Connecting Behavior and Consequences for Kids With ADHD

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Children with ADHD are often constantly moving or fidgeting, have trouble focusing, and struggle to process information as rapidly or correctly as other children. This can affect how they interpret the consequences of their behavior, which can be frustrating for ​parents and teachers.

Let's take a look at why there is often a disconnect between behavior and consequence in children with ADHD, and how to best help them make the connection.

The Disconnect Between Behavior and Consequence

Kids with ADHD often have difficulty delaying or inhibiting their responses. Instead, they tend to live in the moment, reacting immediately to that moment without thought. In order for a child to make a connection between a specific behavior and consequence, he needs to be able to stop himself, think through, weigh the consequences of the behavior, and then allow these thoughts to guide his decision making about the behavior.

For many children with ADHD, there is often a disconnect between thinking and reacting. It all just seems to happen at once. So they respond impulsively without using information about past experiences to guide their behavior. This is why kids with ADHD do not seem to learn from past mistakes as easily as their peers.

Impairments in working memory can also result in problems being able to "see what lies ahead." In other words, a child may have trouble keeping relevant information in his or her thoughts in order to make decisions about future behavior.

In addition, kids with ADHD may experience a delay in the development of internal language—the voice inside our head that helps us to "talk" to ourselves, contemplate what we should do, and then regulate our behavior.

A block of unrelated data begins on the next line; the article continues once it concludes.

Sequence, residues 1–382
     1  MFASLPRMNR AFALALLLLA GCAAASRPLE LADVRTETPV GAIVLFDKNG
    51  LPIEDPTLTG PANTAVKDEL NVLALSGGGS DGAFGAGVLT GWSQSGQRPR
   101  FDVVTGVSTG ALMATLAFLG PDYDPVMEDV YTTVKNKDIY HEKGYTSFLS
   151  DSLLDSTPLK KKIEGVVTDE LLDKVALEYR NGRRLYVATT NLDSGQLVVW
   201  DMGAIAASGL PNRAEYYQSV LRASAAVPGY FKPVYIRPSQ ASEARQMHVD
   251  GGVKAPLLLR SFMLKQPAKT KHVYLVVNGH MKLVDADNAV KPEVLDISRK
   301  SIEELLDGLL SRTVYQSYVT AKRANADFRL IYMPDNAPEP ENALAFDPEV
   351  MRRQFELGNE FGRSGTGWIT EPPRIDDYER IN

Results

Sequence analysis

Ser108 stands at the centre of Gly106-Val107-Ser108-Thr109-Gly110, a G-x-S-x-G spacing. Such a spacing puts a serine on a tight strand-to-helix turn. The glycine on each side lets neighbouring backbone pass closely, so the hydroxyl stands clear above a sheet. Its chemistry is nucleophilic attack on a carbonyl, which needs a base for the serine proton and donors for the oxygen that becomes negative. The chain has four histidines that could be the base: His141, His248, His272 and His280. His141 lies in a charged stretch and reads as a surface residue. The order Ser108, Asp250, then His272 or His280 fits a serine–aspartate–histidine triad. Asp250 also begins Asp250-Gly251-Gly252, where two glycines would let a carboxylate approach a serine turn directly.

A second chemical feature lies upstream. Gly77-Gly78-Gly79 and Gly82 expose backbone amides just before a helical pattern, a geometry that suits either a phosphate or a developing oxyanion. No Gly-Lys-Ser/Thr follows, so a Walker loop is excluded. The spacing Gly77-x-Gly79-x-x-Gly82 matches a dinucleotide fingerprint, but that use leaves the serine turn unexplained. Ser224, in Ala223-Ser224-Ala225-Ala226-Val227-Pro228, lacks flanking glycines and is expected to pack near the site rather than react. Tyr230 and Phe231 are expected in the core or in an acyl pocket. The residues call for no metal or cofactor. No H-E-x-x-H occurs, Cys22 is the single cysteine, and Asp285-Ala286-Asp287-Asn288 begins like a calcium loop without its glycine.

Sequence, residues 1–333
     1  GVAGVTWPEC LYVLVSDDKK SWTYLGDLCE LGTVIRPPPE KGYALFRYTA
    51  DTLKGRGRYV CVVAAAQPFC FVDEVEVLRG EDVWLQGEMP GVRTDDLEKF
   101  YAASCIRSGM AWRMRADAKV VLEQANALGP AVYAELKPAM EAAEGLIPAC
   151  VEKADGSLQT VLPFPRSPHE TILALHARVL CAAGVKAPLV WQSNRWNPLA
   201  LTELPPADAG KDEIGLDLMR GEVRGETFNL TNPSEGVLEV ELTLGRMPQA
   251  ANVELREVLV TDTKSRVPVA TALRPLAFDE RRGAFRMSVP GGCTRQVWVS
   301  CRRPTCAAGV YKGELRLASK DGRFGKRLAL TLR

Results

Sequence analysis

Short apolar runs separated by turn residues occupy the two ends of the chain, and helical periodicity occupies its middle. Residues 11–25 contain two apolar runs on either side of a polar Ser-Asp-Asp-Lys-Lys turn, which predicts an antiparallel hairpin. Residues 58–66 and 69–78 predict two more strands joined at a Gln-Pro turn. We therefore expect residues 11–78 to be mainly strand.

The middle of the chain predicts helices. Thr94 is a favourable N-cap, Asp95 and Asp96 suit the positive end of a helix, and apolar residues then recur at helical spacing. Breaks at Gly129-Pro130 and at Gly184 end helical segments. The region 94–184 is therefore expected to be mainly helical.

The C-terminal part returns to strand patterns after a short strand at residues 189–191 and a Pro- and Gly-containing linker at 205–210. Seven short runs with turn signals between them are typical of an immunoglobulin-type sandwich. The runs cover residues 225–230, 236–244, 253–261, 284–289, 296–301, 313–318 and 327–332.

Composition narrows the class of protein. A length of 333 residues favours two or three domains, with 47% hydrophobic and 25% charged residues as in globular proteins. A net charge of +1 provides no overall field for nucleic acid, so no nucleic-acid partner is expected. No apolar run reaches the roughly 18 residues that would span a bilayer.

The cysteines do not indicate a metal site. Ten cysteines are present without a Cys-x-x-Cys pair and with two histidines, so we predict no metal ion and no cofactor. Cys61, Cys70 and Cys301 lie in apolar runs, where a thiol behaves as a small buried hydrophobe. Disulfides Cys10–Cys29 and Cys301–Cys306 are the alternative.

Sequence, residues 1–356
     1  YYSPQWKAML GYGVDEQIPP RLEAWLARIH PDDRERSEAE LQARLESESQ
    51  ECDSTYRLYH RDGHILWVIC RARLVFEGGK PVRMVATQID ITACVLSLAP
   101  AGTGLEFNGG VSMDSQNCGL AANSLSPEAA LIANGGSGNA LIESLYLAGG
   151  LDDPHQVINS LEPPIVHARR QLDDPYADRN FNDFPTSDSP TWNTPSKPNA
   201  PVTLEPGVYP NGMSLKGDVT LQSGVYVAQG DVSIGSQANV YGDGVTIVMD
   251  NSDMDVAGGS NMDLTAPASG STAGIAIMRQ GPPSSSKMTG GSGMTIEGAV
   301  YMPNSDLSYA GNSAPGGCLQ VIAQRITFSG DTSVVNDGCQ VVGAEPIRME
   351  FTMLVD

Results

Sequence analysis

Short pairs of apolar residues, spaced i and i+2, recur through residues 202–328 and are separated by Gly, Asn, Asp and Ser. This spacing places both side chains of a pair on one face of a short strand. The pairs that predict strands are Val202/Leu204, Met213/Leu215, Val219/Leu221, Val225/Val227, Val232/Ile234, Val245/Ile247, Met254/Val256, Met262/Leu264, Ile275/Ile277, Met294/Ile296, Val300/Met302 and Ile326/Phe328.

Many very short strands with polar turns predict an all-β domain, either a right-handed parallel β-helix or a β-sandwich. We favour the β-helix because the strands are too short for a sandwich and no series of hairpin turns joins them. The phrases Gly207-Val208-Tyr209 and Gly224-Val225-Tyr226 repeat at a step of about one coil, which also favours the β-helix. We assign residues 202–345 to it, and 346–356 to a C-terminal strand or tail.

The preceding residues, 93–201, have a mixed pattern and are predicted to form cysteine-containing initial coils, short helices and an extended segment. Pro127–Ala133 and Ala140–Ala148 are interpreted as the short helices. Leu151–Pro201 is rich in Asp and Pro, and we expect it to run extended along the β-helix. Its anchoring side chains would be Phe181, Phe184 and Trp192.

Children With ADHD Can Make the Connection Between Behavior and Its Effect

When you have a child who thinks and reacts impulsively, it's helpful if you can intervene and provide cues, reminders, incentives, and guidance at the point of performance—the moment in time when your son must inhibit behavior to meet the demands of the situation.

Your immediate feedback about his behavior—pointing out, reinforcing, and rewarding him when he is displaying the behavior you want to see, and providing mild reprimands and redirection to help get him back on track when he is beginning to engage in inappropriate behavior—will help him to "stop and think" or "put on the brakes" before responding.

Your teaching and training in this area will also help him develop greater self-awareness. And the more aware of and in-tune he is with the situation, the more likely he will be to connect cause and effect and use it to guide his behavior.

Also, be sure to follow through with consequences in a consistent manner—feedback needs to be provided immediately and frequently. This way things are predictable for your child. Guidelines are identified and your son knows what to expect.

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Article Sources

  • American Psychiatric Association. (2013). Diagnostic and Statistical Manual of Mental Disorders, 5th Edition (DSM-5).

  • Mary Fowler. Maybe You Know My Kid. Birch Lane Press.1999.

  • Russell Barkley. Taking Charge of ADHD: The Complete, Authoritative Guide for Parents. Guilford Press. 2005.